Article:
New tech is generally welcomed in A/P, but dishonest people can quickly take advantage of it.
That’s what Lockheed Martin discovered when former A/P staffer Timothy Brown sapped the company of $1.4 million.
But after Brown was caught, he confessed every step of his scheme.
And while you know you have a trustworthy team, here’s what A/P managers need to know:
When the company purchased a new system in 2012, Brown was tasked with reconciling old accounts that were still open.
He saw this as an opportunity to make some extra money.
Brown started by looking for vendors that hadn’t sent invoices and had accounts at his personal bank.
From there, he generated fake invoices and swapped the bank account numbers with his own.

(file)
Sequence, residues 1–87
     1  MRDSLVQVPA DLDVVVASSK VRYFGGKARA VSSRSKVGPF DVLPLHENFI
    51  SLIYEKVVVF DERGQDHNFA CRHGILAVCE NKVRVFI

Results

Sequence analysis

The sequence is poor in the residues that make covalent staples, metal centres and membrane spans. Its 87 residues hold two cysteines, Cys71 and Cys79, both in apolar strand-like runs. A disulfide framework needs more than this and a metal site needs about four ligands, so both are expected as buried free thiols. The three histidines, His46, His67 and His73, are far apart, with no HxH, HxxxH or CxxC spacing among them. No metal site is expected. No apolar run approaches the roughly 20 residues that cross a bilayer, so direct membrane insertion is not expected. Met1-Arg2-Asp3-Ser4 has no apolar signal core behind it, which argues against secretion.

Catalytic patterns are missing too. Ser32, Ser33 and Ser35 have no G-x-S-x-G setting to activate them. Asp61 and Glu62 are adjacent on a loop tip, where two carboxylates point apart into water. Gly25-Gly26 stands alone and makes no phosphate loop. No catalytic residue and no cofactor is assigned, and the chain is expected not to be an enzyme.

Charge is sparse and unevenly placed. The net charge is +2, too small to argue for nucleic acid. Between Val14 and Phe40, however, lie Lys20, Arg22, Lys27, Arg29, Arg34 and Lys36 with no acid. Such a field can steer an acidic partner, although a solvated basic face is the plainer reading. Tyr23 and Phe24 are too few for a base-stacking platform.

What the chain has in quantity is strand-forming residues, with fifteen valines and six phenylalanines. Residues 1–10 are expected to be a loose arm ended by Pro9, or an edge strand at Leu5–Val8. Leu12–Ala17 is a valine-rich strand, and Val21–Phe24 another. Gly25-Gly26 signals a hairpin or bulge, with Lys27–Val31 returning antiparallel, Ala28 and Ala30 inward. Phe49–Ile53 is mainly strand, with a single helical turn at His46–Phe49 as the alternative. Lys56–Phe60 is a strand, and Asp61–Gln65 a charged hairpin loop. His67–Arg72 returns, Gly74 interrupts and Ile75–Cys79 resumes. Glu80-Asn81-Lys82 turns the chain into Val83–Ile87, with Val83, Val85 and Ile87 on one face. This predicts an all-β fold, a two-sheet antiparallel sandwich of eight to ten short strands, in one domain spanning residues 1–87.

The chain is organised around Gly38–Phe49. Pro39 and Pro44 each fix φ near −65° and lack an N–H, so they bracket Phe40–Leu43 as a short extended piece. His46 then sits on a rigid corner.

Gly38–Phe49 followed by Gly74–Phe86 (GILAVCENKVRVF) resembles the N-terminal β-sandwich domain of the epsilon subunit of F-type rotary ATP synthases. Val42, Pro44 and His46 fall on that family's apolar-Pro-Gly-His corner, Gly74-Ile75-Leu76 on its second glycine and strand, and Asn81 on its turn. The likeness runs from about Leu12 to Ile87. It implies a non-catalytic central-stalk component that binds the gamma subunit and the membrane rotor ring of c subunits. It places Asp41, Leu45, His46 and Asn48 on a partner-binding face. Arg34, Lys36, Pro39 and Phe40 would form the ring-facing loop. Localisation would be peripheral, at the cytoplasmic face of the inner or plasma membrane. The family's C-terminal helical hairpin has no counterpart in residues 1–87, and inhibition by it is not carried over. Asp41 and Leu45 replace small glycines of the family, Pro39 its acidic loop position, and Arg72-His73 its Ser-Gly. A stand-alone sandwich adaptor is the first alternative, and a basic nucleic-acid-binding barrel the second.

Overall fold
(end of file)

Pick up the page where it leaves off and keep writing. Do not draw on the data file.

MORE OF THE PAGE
Then he moved the fake invoices along like they were legit, eventually netting $1.4 million in three years.
Keep your guard up
This just goes to show how easily someone with access to sensitive information can manipulate it to his or her favor.
Here’s how you can prevent disasters like this from happening at your company:
1. Be careful with new technology. This is especially true during the transition process, when you’re phasing out an old system and training on another.
Take advantage of as many safe guards as possible. If it’s possible to lock sensitive information (like vendor account numbers) with a password, then do so.
2. Get approvers’ attention. We’ve said it before, and we’ll said it again: Approvers have to get on board with invoice fraud prevention. They should be especially wary of invoices that look unusual or too generic.
3. Check your information against Payroll’s. You probably already check your vendor addresses to make sure none of them are the same as any staffers’. If your company offers direct deposit, ask Payroll to see if any vendor bank accounts are the same as any staffers’.